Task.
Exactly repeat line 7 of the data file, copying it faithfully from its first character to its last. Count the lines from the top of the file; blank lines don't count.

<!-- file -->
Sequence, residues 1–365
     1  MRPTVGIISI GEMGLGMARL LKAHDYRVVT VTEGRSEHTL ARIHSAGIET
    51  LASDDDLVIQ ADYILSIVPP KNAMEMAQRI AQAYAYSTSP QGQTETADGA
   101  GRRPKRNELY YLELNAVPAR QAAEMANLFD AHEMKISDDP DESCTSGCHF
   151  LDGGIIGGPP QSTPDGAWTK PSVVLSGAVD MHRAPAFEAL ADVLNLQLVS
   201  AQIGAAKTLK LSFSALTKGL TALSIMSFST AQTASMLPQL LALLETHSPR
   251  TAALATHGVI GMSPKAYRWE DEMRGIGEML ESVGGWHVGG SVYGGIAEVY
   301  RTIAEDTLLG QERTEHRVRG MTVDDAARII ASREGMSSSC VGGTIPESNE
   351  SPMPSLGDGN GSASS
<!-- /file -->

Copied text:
   251  TAALATHGVI GMSPKAYRWE DEMRGIGEML ESVGGWHVGG SVYGGIAEVY